By Jeff Crane, P.E., LEED® AP
Published in the March 2004 issue of Today’s Facility Manager
If you routinely enrich your facility management experience by reading Today’s Facility Manager, you may have caught one of my columns that mentioned a recent career change and relocation. As suspected, my new position has already provided a “career first” that I’m excited to share. But first, I have to take readers back in time to the place where I spent the first seven years of my childhood-a little western New York town called Arcade.
During a famous winter storm known as “The Blizzard of ’77”, I remember my dad wrecking his new truck and coming home with a “For Sale” sign for our house. He was determined to move the family to Florida 35 years ahead of his genetically mapped New York-to-Florida migration DNA helix, so I enjoyed grades four through 12 with a great suntan. After leaving home to spend my college years and early 20s falling in love with my wife and the state of North Carolina, we moved to Charleston, SC for a career opportunity. Again, I found myself enjoying a coastal community among many folks (again with great tans) who had made the New York-to-Florida-to the Carolinas pilgrimage.
After living in tropical climates for most of my life (and seeking yet another career challenge), I was ready to stop paying flood insurance premiums. I was prepared to move to a place where the seasons actually changed, where I could be closer to extended family members (who had followed me to North Carolina). And that’s how I ended up in Charlotte, NC in the midst of one of the coldest, stormiest winters in recent history.
Only a few short weeks into my new position, I was faced with the Winter Storm of 2004. It began on a Sunday afternoon, with plunging temperatures and accumulating freezing rain, sleet, and snow across the mid-Atlantic. I scrambled back to Charlotte from Charleston that evening and quickly learned to navigate icy roads on extra long commutes. It wasn’t until Wednesday afternoon that the sun came out and ended the ordeal.
As my first winter storm as a “grown up,” this turned out to be quite an experience! I got to watch municipalities, emergency services, and private property owners handle snow plowing, ice melting, fender benders, and emergency response. I got to slide around in my old Ford Bronco and gained a quick appreciation for the fact that four-wheel drive and antilock brakes provide little comfort when all four wheels-along with the rest of a vehicle and driver-go sliding through a stop sign.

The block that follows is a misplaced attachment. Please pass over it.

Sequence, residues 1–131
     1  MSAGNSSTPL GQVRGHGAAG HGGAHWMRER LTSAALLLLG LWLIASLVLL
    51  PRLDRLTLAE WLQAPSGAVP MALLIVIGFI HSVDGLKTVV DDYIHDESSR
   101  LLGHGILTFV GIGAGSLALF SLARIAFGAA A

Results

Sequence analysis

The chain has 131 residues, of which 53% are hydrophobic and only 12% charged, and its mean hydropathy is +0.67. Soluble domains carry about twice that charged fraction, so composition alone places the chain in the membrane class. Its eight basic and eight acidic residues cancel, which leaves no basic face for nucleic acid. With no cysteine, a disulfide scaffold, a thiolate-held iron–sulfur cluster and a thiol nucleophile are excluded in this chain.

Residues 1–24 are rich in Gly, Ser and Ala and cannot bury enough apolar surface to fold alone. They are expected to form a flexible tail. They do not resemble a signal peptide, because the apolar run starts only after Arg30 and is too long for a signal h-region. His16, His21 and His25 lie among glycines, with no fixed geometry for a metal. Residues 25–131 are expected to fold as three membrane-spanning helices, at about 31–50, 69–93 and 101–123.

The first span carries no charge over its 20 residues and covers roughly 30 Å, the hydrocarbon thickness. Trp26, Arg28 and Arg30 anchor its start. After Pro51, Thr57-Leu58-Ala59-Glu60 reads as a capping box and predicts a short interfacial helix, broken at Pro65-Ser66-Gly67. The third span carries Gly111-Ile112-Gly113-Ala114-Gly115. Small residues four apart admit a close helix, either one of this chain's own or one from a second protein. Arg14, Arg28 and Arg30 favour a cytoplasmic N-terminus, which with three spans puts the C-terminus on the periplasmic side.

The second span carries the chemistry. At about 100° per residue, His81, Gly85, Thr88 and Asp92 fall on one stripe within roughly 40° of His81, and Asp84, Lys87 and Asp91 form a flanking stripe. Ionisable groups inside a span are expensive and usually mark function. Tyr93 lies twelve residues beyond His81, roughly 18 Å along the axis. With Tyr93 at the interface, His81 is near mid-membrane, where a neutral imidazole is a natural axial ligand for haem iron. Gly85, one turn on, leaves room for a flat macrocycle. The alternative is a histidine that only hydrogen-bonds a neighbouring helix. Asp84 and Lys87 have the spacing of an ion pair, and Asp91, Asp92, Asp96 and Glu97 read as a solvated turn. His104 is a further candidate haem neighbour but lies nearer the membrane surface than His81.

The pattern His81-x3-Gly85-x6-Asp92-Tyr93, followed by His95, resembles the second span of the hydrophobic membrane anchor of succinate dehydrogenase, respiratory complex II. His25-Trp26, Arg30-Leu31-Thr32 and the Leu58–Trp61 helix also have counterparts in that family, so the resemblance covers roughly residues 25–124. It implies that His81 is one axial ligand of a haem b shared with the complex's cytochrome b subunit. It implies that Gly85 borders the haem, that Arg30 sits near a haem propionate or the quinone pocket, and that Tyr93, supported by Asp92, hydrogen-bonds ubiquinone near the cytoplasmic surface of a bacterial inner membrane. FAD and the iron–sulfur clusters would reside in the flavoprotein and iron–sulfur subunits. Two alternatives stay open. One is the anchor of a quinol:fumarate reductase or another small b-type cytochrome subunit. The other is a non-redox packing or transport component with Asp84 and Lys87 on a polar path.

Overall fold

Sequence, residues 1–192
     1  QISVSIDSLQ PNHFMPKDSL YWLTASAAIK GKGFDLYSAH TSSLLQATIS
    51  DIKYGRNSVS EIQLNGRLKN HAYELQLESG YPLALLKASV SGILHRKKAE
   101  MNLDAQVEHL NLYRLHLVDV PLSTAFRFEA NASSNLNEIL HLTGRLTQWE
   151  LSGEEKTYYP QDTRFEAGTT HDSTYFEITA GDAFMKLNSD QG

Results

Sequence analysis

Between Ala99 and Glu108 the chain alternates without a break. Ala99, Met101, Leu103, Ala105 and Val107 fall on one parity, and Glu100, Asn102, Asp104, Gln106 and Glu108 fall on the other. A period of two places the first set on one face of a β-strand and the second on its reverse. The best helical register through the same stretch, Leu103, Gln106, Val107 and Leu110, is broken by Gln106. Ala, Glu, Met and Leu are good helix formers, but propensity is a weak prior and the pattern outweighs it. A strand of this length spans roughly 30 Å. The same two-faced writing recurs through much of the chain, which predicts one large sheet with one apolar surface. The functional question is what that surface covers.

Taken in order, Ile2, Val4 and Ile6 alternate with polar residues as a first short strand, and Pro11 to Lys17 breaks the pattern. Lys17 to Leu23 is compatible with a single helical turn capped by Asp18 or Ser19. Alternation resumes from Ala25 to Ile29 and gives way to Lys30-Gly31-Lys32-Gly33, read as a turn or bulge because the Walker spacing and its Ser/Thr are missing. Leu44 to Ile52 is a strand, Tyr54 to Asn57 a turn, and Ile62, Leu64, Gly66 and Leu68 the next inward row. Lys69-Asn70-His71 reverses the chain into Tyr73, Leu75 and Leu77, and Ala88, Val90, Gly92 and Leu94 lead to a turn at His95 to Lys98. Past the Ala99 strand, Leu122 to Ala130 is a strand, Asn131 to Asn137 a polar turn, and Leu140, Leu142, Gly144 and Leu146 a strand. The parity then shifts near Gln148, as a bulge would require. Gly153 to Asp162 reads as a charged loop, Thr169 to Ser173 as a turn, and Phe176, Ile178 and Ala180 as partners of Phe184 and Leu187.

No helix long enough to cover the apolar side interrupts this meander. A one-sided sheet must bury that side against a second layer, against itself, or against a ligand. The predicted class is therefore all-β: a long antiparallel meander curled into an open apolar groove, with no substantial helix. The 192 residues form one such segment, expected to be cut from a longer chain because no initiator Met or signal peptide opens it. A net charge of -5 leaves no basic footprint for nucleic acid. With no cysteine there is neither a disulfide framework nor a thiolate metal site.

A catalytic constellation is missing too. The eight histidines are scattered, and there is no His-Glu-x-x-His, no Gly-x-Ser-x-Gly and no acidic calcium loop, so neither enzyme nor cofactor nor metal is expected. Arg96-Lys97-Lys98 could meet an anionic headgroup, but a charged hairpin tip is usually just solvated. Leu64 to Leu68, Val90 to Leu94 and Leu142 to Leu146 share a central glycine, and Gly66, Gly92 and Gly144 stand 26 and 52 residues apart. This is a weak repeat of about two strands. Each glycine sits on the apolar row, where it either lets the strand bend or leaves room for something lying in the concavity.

My most notable observation was that during winter storms (similar to the hurricane threats frequently faced by people who live over on the coast), the people responsible for the smooth operation of roads, bridges, safety services, utilities, news, and buildings never took a day off. School kids spent three days creating snowmen and turning cardboard boxes into makeshift sleds. Joe Businessman (and his female counterpart, Jane) slept late and enjoyed an extra latte while working at home on the handy corporate laptop.
While these people enjoyed their snow days, countless brave men and women got up several hours early and worked late-often literally risking their lives for the safety and comfort of their neighbors and customers.
Time and again these people-facility professionals included-go above and beyond the call of duty. It doesn’t matter how nasty the weather gets or how severe an emergency becomes. Police officers, paramedics, firefighters, utility technicians, truck drivers, doctors, nurses, data center operators, meteorologists, reporters, and facilities people are always on the job.
Thanks to these combined (and often coordinated) efforts, ambulances, fire trucks, police cars, and bucket trucks stay on the road. Hospitals continue caring for the sick. Forecasts and news updates keep the public informed. Food and water are available on the store shelves. And data centers continue operating 24 hours a day, seven days a week.
As a member of one of these essential professions, be proud of what you do and know you’re in good company.
Crane is a mechanical engineer and regional property manager with Childress Klein Properties, a leading real estate developer and property management services provider in the Southeast.